Jump the paywall: a very short guide on how to (anonymusly) access academic research behind paywalls

Image credit: Ewa Rozkosz https://www.flickr.com/photos/erozkosz/

Why jump the paywall? Isn’t that (gasp!) illegal?

This is a short how-to guide, not a post about alternative copyright models and the philosophy of access to knowledge , thus it is adequate to to put this quote here as an encapsulation of the many ideas behind a comprehensive answer to the above question:

“if we no longer assume that IP law is, in all circumstances, the régime best capable of overseeing how ideas propagate and flow, then perhaps we should pursue with an even greater resolve extra- legal means by which to mitigate IP’s worst excesses. Better yet, any strategy for contesting the law should proceed through more than just legal channels, lest we inadvertently reinforce the legal realm’s claims to power, authority, and exclusivity in the process” (From “Strategic Improprieties – Cultural Studies, The Everyday, and the Politics of IP” by Ted Striphas and Kembrew McLeod. 2006. pp. 119-144)

If you need to download paywalled articles and resources and don’t have institutional access, here are some tips, from the obvious routes to the more “subversive” options by which you can potentially jump paywalls:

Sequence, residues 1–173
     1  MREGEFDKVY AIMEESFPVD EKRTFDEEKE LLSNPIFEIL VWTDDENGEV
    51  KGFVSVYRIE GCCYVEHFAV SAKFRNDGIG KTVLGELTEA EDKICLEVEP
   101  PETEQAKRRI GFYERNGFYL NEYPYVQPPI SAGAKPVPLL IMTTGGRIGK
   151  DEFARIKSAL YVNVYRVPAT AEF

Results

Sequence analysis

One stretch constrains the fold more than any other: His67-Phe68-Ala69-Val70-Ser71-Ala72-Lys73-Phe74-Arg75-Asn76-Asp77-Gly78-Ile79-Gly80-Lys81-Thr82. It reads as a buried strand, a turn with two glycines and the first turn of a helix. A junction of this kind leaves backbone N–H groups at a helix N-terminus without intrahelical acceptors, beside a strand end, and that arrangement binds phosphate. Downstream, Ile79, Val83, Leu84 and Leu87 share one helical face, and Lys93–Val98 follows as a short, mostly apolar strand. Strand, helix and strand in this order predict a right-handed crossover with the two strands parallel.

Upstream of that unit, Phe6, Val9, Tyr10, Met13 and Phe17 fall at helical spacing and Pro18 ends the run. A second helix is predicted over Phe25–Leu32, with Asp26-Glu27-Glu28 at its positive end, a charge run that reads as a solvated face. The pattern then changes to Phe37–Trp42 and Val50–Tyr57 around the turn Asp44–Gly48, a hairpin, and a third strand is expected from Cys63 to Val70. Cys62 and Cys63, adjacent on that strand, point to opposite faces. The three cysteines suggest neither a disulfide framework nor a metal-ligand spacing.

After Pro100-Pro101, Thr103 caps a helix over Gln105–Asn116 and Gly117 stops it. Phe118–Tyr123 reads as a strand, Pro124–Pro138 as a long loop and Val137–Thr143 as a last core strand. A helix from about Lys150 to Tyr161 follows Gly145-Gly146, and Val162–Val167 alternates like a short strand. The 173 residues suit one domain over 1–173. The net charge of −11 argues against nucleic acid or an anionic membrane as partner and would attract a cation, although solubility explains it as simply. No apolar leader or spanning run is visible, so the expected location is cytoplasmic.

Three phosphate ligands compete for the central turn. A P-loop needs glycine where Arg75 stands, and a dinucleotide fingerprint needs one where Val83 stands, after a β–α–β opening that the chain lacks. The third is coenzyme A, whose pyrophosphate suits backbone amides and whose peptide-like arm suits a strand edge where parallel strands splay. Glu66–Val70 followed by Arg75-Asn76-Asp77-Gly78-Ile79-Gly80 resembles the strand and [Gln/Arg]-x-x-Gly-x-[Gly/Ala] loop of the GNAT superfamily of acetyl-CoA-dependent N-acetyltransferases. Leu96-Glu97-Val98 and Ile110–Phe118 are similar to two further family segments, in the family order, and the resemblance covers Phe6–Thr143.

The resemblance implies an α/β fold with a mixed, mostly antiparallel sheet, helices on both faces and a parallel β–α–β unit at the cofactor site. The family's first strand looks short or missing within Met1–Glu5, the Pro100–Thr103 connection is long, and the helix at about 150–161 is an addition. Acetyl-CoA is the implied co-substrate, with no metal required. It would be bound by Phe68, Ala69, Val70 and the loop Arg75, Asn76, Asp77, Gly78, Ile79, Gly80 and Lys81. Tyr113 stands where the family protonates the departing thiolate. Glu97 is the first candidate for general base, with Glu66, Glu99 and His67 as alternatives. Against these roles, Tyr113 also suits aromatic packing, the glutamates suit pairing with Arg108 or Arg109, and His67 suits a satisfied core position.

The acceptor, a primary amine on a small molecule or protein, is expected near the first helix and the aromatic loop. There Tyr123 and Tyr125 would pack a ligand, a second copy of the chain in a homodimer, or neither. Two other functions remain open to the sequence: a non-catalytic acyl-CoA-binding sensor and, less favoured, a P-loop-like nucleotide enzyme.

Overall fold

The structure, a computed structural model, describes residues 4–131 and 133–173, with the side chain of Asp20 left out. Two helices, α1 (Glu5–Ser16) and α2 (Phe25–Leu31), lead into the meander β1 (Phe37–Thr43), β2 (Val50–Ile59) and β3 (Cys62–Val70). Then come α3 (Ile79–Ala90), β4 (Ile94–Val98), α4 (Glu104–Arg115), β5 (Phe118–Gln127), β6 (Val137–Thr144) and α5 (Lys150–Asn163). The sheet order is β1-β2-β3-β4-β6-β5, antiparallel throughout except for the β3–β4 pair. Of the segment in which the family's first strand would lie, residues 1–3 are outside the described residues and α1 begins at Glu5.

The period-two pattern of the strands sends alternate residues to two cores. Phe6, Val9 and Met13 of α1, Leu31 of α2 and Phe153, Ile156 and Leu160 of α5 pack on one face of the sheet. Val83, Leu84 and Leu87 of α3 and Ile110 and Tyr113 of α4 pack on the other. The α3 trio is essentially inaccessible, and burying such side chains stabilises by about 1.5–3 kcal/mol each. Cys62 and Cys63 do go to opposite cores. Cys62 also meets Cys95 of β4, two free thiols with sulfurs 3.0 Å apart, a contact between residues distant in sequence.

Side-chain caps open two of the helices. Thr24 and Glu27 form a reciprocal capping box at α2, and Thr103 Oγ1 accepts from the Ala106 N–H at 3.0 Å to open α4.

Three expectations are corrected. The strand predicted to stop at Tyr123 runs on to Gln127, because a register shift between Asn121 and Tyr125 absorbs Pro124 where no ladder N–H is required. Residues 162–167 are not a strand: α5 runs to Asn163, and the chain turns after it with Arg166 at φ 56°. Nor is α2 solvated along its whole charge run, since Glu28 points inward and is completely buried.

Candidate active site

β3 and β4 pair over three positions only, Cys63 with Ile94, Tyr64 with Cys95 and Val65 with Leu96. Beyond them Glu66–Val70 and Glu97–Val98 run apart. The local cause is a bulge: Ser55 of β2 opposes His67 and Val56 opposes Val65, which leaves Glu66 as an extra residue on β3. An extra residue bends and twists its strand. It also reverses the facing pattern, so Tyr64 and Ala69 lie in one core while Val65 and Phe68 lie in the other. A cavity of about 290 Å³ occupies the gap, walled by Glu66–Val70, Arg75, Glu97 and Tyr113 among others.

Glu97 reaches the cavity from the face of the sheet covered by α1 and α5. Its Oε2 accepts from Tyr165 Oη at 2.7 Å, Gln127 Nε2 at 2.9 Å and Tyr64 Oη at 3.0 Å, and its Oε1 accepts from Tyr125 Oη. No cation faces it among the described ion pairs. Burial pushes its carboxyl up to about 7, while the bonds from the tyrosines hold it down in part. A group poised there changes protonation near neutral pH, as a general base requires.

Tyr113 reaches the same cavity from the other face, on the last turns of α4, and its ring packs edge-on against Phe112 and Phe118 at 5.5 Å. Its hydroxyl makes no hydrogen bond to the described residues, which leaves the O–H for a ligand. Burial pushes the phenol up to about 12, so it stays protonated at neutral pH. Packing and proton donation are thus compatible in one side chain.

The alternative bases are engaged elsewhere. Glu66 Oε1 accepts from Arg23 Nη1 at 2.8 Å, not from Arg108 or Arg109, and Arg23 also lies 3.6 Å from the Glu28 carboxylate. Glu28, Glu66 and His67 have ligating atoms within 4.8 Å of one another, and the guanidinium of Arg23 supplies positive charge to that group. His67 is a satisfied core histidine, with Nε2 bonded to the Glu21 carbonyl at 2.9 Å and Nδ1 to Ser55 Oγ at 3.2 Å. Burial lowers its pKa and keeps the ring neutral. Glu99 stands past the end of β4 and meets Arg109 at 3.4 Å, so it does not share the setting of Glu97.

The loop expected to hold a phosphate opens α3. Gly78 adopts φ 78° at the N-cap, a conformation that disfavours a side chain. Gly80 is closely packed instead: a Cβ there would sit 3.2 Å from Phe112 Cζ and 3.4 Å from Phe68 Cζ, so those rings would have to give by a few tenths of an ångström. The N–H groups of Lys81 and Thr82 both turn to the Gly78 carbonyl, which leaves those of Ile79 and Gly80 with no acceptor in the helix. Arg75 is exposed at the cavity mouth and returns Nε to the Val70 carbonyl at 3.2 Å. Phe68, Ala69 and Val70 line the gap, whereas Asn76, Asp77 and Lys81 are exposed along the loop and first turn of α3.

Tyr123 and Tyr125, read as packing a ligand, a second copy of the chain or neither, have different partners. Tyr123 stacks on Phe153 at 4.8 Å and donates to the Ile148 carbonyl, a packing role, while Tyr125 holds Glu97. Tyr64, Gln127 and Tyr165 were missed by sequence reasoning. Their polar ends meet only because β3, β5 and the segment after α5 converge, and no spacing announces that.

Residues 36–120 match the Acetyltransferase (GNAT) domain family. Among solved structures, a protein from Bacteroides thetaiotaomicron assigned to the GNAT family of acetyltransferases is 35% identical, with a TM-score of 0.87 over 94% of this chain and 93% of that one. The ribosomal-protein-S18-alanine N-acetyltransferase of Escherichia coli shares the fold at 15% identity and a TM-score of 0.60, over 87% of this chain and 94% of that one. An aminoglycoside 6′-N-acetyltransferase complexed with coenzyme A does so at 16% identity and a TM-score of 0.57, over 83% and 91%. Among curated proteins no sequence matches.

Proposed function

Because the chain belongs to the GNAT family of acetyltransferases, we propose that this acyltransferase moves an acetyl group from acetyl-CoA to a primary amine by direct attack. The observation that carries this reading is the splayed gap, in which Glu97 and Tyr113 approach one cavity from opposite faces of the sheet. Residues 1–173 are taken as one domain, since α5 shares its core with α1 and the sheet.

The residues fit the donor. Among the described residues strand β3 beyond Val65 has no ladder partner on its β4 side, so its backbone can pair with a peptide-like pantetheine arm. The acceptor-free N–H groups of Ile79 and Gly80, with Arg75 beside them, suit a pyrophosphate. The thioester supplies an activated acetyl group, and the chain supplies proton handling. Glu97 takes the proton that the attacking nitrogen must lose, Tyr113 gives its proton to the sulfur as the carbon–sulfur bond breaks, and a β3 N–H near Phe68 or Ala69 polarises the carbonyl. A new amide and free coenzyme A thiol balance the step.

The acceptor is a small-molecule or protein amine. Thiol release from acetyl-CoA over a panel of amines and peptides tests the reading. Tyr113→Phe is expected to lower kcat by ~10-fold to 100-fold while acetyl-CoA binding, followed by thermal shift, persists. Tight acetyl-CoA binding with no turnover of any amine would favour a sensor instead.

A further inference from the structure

1- Check the authors’ personal website(s). In many cases you’ll find version of the article you need archived there. If not, you’ll find their email addresses, which you’ll need for option #2..
2- Ask the author: If you email the author and ask nicely, they’ll most likely email you back a copy.
3- That “All versions” link in Google Scholar search results: (https://scholar.google.com/). Run a Google Scholar query then click on “All…versions” found under each of the search results. Sometimes you can find free/open mirrors for paywalled articles within these expanded search results.
4- Crowd-source access to the article: Several options here, but the most well-known are the#ICanHazPDF hashtag on twitter (https://twitter.com/hashtag/icanhazpdf), for which you obviously need to be on Twitter, or the /r/Scholar subreddit on Reddit (https://www.reddit.com/r/scholar). In either option, you post a request with the relevant URL or DOI and see if someone can access and upload it for you.
5- Sci-Hub: http://sci-hub.io/ is essentially the academic equivalent of the Pirate Bay. (be advised that it is blocked in many countries, but you can always find an online mirror). Up-to-date information on Sci-Hub’s status are found on the /r/Scholar subreddit.
Sci-hub also has a Tor address scihub22266oqcxt.onion
6- Library Genesis: Similar to Sci-hub, but is an actual massive repository of articles as opposed to a scanner for open proxies like Sci-Hub. Also like Sci-Hub, has several mirrors. At the time of this writing this mirror is online http://gen.lib.rus.ec/

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